I'm reading the paper (eq.(14) and eq.(10)) and got curious how the paper uses this equation:

$\frac{\partial}{\partial c}\exp(-i\Delta t (X+cY)) = \exp(-i\Delta t (X+cY))(-iY\Delta t + \frac{\Delta t^2}{2}[X+cY, Y] + \frac{i\Delta t^3}{6}[X+cY, [X+cY,Y]]+ \cdots )$

Can anybody help me deriving the equation?


2 Answers 2


The standard identity for the derivative of the exponential map is $$ \partial_c e^{M(c)}= e^{M} \left (1-\frac{1}{2}[M,\bullet]+ \frac{1}{6}[M,[M,\bullet]]+... \right ) \partial_c M, $$ where $\bullet$ pipes the argument on the right in case you were not familiar with the adjoint map.

So, just plug in, $M= -i\Delta t (X+cY)$, $$ \partial_c e^{-i\Delta t (X+cY)} \\ = e^{-i\Delta t (X+cY)} \Delta t \Bigl (-i Y +[\Delta t (X+cY), Y ]/2 + i[\Delta t (X+cY) , [\Delta t (X+cY),Y]]/6 +...\Bigr ) , $$ amounting to your result.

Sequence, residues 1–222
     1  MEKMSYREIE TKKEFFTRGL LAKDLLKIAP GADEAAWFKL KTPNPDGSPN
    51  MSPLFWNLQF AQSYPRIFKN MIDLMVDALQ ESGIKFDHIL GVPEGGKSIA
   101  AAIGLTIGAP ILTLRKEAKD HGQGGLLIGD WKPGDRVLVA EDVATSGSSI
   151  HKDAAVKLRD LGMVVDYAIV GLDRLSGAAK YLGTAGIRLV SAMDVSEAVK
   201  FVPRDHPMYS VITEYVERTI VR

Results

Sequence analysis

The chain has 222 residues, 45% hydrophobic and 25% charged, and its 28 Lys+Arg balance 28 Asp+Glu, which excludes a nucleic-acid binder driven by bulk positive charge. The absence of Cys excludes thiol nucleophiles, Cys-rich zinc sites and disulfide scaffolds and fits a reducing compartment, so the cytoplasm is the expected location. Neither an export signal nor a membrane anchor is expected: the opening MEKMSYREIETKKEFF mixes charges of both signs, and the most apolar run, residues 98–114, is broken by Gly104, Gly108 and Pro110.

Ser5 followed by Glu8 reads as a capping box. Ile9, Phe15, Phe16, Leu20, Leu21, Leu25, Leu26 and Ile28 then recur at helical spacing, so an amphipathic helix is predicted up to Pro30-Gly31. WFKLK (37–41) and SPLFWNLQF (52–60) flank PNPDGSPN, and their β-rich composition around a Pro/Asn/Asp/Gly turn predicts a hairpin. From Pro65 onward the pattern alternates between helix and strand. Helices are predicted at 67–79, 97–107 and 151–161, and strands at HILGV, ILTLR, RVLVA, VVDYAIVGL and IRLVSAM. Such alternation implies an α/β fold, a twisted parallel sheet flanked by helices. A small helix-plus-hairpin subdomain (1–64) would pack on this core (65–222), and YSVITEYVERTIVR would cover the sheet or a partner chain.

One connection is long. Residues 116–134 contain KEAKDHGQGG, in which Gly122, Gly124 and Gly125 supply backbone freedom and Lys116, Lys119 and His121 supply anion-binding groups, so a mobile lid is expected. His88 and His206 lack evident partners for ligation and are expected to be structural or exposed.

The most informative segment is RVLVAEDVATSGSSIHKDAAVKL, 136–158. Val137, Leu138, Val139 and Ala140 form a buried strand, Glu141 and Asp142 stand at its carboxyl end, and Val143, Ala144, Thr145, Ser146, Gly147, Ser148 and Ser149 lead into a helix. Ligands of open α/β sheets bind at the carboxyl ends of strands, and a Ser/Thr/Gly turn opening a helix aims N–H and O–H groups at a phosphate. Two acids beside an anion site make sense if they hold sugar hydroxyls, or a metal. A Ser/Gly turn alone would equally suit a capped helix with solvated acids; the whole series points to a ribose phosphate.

OP's sought-for identity is

$$\begin{align}e^{-\hat{A}}\frac{d}{d\lambda}e^{\hat{A}} ~=~& \int_0^1\!ds~e^{-s\hat{A}}\frac{d\hat{A}}{d\lambda}e^{s\hat{A}}\cr ~\stackrel{(3)}{=}~& \int_0^1\!ds~e^{-s~{\rm ad}\hat{A}}\frac{d\hat{A}}{d\lambda} \cr ~=~& \int_0^1\!ds\sum_{n=0}^{\infty}\frac{(-s~{\rm ad}\hat{A})^n}{n!}\frac{d\hat{A}}{d\lambda}\cr ~\stackrel{(4)}{=}~& \sum_{n=0}^{\infty}\frac{(-{\rm ad}\hat{A})^n}{(n+1)!}\frac{d\hat{A}}{d\lambda} ,\end{align}\tag{1}$$

where we have defined the adjoint map

$${\rm ad}\hat{A}~\equiv ~[\hat{A},~\cdot~],\tag{2}$$

used the identity

$$ e^\hat{X} \hat{Y} e^{-\hat{X}}~=~e^{{\rm ad}\hat{X}}\hat{Y},\tag{3}$$

and used the integral

$$ \int_0^1\!ds~s^n~=~\frac{1}{n+1}.\tag{4}$$

The first equality in eq. (1) is proven in my Phys.SE answer here.


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